Meet the Small Three-Seater French Electric Car: The mia
It's a new car, but it has a long story behind it.
It's a sad story because it escaped at the last minute from being another victim of France's deindustrialization. This little car was unveiled as a concept under the name of Heuliez Friendly at the Paris motor show in September 2008. Heuliez, a contract manufacturer and supplier to the auto industry, slowly disappeared, with layoffs getting many headlines in France—but the EV team remained intact and focused. Some German investors got control of it, with the manufacturing facility the car required. At last, the engineers completed the car's development, and got the production started last June.
The car has a new name: mia. Like the smart car, you're not supposed to write it starting with a capital letter. That's not the only thing the mia has in common with the smart. Both are very small city cars. The mia is only slightly bigger. It's 7 inches longer and 3 inches wider, with the same height. Yet the mia has a strong advantage: It's a 3-seater.
The driver sits alone in front, with the passengers behind. It's good use of space. The McLaren F1 supercar was like that too, but the mia is no supercar. I believe it's the least performing car on the market. It's not a low-speed vehicle though.
It's registered as a car, with a top speed of 62 miles per hour. It will prevent you from speeding on the highway. The motor produces 18 kilowatts—not enough for a normal car but the little mia weighs only 750 kg (1,650 pounds), so it's adequate for city driving. Traveling cross-country isn't possible anyway because of the limited range. Fifty miles is possible with the standard 8 kWh battery, with an optional 12 kWh one if you want more range. The advantage of the small battery is that recharging doesn't take long: only three hours on a standard socket in Europe. They've chosen lithium iron phosphate cells (LiFePO4), which should last several years thanks to a sharp management system.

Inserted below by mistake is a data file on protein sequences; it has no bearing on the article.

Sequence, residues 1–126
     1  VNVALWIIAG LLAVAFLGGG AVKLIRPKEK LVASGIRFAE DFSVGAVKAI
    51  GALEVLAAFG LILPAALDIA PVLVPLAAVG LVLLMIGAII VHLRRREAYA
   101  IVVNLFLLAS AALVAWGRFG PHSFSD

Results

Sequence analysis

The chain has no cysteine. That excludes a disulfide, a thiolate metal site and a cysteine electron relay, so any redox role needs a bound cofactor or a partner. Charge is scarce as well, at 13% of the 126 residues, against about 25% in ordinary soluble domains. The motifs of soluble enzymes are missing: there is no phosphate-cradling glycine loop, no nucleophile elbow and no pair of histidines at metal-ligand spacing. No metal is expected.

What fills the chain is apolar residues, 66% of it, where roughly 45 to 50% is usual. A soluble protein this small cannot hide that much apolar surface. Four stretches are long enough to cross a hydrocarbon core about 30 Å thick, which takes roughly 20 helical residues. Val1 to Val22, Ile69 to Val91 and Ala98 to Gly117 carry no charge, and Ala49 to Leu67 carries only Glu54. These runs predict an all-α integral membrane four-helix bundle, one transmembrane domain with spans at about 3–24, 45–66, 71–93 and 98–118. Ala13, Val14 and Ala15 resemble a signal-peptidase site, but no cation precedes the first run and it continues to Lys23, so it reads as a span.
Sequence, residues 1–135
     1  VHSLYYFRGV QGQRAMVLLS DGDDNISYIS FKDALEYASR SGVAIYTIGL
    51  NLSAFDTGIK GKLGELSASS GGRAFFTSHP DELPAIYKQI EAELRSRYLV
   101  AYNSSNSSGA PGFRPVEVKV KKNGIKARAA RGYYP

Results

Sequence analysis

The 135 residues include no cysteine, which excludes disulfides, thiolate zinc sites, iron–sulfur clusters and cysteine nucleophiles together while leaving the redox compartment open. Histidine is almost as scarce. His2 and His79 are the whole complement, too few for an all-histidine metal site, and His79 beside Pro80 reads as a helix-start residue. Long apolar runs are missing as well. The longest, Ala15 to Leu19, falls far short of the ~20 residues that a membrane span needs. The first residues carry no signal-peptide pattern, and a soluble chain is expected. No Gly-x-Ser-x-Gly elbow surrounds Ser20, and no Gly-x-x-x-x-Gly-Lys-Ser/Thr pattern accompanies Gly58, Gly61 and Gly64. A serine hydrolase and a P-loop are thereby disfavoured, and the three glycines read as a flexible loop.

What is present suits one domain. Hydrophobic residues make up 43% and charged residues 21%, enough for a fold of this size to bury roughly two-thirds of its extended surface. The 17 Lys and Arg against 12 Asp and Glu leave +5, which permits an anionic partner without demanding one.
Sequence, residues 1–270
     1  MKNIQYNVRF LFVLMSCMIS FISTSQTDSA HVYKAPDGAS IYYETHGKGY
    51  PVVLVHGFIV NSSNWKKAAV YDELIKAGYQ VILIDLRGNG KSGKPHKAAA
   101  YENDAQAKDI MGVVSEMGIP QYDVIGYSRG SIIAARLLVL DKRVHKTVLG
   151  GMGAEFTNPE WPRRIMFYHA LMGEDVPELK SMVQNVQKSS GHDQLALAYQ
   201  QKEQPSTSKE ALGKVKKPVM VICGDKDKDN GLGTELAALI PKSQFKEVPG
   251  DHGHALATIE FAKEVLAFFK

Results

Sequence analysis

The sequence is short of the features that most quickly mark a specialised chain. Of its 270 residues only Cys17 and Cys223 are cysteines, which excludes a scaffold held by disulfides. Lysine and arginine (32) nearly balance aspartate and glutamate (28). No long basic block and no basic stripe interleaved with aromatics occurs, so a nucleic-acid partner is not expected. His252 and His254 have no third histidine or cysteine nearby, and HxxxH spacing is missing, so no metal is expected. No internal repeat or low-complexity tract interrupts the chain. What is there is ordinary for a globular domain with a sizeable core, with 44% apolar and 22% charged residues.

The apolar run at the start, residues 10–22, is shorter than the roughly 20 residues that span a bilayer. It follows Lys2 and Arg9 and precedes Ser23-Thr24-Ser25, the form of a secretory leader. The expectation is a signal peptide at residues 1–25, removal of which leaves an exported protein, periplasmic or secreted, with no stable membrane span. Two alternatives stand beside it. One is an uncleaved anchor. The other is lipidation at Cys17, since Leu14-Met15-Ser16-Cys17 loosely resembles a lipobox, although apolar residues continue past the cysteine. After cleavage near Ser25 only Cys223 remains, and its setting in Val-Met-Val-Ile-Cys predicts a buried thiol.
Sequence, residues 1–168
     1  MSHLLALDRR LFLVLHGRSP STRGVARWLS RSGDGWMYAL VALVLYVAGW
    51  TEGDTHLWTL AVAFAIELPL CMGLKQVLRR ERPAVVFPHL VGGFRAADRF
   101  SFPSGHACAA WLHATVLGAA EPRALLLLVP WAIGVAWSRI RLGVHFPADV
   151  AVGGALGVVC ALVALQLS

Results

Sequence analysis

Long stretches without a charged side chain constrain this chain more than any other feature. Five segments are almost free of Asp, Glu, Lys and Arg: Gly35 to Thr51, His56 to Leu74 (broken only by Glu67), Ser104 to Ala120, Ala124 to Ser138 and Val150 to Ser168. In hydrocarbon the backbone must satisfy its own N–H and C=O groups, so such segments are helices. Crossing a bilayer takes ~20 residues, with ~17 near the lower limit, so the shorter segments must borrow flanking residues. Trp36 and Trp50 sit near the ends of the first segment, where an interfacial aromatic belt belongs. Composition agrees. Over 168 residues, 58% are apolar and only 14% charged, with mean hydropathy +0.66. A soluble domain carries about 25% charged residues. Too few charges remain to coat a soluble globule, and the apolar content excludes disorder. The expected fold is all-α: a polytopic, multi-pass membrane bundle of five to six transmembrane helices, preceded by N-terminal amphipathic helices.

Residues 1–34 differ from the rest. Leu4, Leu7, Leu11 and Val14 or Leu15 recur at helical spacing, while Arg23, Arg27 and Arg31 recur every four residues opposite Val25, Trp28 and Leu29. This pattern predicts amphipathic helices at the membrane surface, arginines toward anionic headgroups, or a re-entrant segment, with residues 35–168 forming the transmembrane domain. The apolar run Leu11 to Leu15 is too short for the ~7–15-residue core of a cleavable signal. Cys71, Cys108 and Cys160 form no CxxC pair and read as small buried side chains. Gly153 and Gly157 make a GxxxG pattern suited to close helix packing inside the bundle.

I haven't driven the mia yet, but I've been sitting in it, looking closely at everything. There's little doubt that it comes from a small manufacturer. You could compare it to a Think City, but the quality of the plastics is inferior to anything from a major carmaker, such as Hyundai or Chevrolet. Yet, it feels quite nice. Murat Gunak, the designer, has been smart enough to give the car some youthful flavor. A little 5-leaf clover on the side is a push button to open the door. The mia is also fantastically convenient in the city with its large sliding doors. This is the easiest car I know for getting in and out. If there's one thing wrong with the mia, it's going to be the price.
When the concept was unveiled, in 2008, the goal was to sell it for about 12,000 euros. In the end, the mia costs 19,950 euros ($28,375), and that's a lot of money for such a small car. But don't blame the manufacturer. The problem is the huge cost of doing business in France. There's one zillion regulations for any manufacturing company and the big brands which are closing their factories don't shut them down for no reason. Yet what makes the mia so expensive will make it attractive to some people. Compared to most cars with parts coming from everywhere, the mia is totally French-built. Even the battery pack is French. The cells are outsourced, but the pack with all its electronics is made in France.
All customers so far have been government agencies, utilities companies or city services, signing up so many orders that the mia won't be available to private customers before next year.
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